As we humans have 5 rays which end with 5 digits or toes, these lesions may end in converging or diverging dislocated rays. Thorough early diagnosis is mandatory since mild dislocations might be overlooked.
These fracture-dislocations must be treated by operative minute re-orientation of the metatarsal rays thus achieving an anatomical alignment of all five metatarsal heads.
The bones of the toes are numerous and in cases of fracture do not need systematic internal fixation.
However, if there seems to be a high risk that the toe will not touch the ground after bone healing, it may need some operative alignment.
The pelvis is the biggest bone within the human body. In fact, it is formed from two symmetrical bones which are linked by a cartilage, the symphysis pubis. Each one of these “hemi-pelvises” is built up of three bones which consolidate at the age of 12 – 14 years: the ilium, the ischium and the pubis.
The pelvis is the mechanical link between the spinal column and the lower limbs. The articulation to the spine is called the sacro-iliac joint and the articulation to the thigh is called the hip joint.
Although fractures in this region are exceptional in children, they are common fractures in the elderly, mainly due to osteoporosis. The severity of these fractures goes together with displacement of the fragments which causes harm to the soft tissues, blood vessels, nerves etc.
Complex pelvic fractures are life-threatening conditions which need immediate surgical care.
These fractures do not involve the joint surface, or cartilage, of the hip joint. Hip fractures are very frequent and represent an important socio-economic factor in view of our ever-increasing elderly population.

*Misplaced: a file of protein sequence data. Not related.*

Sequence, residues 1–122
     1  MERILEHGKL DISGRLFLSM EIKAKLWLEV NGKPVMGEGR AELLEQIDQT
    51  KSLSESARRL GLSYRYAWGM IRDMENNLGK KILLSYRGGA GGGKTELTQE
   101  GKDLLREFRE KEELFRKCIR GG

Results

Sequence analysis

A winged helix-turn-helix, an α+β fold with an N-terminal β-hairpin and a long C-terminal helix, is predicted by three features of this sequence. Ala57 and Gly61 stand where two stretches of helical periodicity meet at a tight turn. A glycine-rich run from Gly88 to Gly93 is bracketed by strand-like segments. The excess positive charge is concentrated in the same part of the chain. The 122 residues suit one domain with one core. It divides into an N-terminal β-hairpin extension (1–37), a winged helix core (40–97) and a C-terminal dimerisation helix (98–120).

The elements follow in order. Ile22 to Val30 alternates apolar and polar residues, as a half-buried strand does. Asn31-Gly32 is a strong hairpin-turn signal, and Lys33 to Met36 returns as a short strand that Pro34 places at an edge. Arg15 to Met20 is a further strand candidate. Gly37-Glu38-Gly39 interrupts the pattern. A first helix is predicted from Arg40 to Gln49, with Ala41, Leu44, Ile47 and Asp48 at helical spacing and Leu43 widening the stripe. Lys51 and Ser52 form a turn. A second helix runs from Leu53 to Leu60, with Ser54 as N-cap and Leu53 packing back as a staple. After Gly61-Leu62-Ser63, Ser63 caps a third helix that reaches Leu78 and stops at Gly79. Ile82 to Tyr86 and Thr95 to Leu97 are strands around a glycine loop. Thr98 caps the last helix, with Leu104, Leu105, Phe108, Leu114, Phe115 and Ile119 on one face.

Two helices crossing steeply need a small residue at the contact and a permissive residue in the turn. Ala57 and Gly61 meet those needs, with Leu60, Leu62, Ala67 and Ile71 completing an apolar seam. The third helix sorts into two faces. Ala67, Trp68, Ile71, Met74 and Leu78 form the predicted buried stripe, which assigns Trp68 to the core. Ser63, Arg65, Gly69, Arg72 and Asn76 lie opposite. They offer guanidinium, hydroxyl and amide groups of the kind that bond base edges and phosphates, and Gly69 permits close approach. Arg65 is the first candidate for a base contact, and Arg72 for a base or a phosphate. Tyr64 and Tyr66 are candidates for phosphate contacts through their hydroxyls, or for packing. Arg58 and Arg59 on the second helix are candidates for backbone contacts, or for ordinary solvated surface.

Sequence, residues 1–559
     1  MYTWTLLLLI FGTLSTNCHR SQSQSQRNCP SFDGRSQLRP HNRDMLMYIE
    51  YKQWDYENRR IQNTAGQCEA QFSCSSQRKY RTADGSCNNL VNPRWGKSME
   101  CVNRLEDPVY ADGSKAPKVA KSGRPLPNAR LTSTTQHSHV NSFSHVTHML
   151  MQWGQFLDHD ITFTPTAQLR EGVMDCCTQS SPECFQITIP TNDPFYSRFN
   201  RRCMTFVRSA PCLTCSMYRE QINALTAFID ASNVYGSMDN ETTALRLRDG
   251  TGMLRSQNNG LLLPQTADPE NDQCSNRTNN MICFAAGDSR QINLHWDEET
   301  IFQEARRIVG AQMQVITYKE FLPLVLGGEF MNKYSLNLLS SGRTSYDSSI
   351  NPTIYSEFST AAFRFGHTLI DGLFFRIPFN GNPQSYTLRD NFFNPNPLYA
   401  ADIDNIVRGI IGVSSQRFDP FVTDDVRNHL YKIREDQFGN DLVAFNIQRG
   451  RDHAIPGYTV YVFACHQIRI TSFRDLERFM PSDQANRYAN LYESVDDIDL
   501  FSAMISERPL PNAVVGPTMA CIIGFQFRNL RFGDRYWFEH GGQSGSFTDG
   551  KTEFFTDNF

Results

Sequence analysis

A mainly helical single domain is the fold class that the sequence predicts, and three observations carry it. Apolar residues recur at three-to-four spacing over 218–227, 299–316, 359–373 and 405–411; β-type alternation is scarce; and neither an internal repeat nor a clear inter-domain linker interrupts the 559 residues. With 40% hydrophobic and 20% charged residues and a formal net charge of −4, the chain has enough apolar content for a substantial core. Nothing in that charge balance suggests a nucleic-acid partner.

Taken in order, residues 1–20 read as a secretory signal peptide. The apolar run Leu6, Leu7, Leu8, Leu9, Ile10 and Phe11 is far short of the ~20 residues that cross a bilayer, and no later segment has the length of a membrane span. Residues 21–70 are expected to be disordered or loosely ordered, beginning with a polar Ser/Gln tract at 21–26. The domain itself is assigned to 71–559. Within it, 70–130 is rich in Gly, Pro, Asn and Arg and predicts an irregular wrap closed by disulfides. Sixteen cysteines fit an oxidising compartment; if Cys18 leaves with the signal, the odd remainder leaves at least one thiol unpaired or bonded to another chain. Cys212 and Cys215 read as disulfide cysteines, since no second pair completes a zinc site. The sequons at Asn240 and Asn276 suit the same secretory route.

Depending on the localization of the fracture, the hip joint is either replaced by prosthetic implants or the fracture is fixed and splinted by an osteosynthetic device.
The ever present aim in fracture care remains fast recovery of the ability of the injured to walk.
If a fracture involves a joint, the joint surface and its cartilage layer may be displaced, producing a step.
If this is the case, the joint will not work properly anymore (even after the fracture has healed!) and it is quite likely that the joint will degenerate prematurely, becoming painful and impairing function.
In the pelvis, fractures which involve the hip joint are called acetabular fractures. The acetabulum is the “cup” which accomodates the upper extremity of the bone of the thigh: the femur. As acetabular fractures per se do not require immediate surgical care, they are best repositioned anatomically and fixed operatively to allow early mobilization of the joint and walking.
In the femur, fractures which involve the hip joint surface (femoral head fractures) are rare. These fractures are difficult to treat and sometimes have a poor prognosis due to the disturbed blood supply of the femoral head.
We do not inherit the earth from our ancestors, we borrow it from our children (Antoine de Saint-Exupéry)